Insomnia is a sleeping disorder that affects more than half of the population. This is usually associated with the stress of our demanding lifestyles as well as shift work, jet lag, vision impairment, and neuro-disabilities (eg. autism) in certain patient groups such as paediatrics.
Sleep deprivation can have a profound effect on quality of life. There is a wide range of treatments available that aim to assist with sleep, however, many of these treatments come with undesired side effects such as:
- persistent drowsiness the next morning,
- dry mouth,
- and dependence.
These medications are usually only recommended for short-term use and are also not suitable for use in paediatrics.
Melatonin is an amino acid based hormone produced in a special part of our brain called the pineal gland. It helps to regulate other hormones and plays an important role in maintaining our body’s circadian rhythm. The circadian rhythm is also known as our body clock, an internal process which is critical for us to get a good quality sleep and to wake up refreshed.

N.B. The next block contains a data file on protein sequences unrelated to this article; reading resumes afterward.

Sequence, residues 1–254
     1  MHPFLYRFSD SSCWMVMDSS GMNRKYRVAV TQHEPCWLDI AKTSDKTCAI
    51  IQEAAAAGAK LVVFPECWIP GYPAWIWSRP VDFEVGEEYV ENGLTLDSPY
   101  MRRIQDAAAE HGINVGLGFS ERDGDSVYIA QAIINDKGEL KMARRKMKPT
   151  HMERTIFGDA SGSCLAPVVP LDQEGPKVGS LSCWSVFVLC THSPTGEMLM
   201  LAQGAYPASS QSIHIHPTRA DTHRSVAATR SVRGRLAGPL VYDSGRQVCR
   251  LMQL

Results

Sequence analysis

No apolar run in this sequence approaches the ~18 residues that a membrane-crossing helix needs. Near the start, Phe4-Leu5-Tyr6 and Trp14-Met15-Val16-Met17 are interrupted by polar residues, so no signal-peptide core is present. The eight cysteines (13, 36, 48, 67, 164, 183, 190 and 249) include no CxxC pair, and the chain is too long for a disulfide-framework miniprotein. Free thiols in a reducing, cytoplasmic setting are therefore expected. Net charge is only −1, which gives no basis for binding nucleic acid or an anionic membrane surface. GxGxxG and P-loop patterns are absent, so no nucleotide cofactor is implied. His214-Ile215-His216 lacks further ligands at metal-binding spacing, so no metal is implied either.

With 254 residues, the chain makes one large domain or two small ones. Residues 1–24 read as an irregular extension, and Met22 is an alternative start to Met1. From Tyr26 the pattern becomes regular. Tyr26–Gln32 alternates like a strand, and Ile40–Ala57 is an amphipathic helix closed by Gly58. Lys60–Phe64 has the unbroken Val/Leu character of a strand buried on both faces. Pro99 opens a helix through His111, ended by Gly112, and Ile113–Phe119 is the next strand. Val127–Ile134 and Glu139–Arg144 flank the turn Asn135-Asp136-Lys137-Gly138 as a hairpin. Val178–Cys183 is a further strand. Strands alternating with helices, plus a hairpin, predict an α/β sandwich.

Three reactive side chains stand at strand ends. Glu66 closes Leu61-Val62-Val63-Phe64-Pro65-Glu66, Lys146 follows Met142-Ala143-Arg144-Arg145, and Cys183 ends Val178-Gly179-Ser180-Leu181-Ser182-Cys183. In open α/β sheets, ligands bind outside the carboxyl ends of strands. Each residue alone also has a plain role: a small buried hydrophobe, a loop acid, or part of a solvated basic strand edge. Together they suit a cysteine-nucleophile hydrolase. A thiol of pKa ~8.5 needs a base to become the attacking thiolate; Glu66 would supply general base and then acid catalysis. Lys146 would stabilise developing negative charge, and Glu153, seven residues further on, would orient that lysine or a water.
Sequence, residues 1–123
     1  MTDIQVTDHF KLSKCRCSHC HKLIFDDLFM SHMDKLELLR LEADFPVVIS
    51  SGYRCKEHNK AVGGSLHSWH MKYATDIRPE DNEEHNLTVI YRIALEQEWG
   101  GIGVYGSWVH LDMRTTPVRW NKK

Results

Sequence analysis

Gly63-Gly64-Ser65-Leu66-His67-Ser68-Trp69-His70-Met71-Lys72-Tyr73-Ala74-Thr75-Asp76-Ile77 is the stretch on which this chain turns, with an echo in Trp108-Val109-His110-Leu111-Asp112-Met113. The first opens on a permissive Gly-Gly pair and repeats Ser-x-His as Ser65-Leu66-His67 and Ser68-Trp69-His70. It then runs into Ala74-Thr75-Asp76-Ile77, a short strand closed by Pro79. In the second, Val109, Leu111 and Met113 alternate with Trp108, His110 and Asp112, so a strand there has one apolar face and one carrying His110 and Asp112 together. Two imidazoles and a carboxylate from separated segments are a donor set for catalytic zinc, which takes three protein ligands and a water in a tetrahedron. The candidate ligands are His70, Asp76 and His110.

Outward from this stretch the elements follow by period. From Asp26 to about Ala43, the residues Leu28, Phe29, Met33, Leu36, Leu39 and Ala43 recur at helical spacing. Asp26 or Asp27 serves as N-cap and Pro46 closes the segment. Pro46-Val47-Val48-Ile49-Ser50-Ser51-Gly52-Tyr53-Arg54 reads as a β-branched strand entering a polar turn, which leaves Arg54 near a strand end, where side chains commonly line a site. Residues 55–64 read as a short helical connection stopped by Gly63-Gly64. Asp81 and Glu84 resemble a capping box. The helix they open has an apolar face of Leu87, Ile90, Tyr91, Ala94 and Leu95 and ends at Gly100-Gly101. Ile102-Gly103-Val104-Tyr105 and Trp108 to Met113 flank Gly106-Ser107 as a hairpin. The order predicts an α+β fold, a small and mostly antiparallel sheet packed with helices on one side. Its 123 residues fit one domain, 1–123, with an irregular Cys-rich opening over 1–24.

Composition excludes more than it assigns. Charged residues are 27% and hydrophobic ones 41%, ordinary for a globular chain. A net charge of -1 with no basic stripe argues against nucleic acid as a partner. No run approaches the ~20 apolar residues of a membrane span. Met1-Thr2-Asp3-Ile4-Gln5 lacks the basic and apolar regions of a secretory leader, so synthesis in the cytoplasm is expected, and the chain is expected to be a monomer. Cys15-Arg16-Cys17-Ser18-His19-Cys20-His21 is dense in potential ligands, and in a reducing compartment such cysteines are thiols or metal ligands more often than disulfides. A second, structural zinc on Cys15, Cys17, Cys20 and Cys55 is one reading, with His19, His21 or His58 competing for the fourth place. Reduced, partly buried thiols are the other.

The Sleep Hormone
Melatonin is a naturally occurring hormone in the body which regulates our circadian rhythm (also known as body clock). Our circadian rhythm is responsible for sleep-wake cycle.
Normally, melatonin levels begin to rise in the evening when darkness occurs to induce sleep and decrease in the morning allowing wakefulness during the day. However, production of melatonin in some people is low or out of sync, resulting in a variety of sleeping problems such as insomnia or delayed sleep phase.
One common miscomprehension which many people have is that melatonin is produced only when it is dark. This is only partly true. Its production is unique in that it’s optimal synthesis and secretion is predominantly at night between about 9p.m. and 8a.m., but only if these times are within the person’s recent sleep phase or cycle. That is, if a person’s recent sleep phase involved sleeping from 6a.m. to 2p.m. for the past few weeks and then there is a sudden change to sleeping from 9p.m. to 6a.m., then melatonin might not be produced or secreted since this is not the body does not recognise the new times as its sleep phase. A successful “phase shift” can takes many days. This is particularly a major issue for shift workers or people experiencing jet-lag.
The use of melatonin therapy 30 minutes before bedtime has been found to be safe and effective for the onset and maintenance of sleep.
Though melatonin is readily available in most other countries, it is only available on prescription in Australia.
*References available on request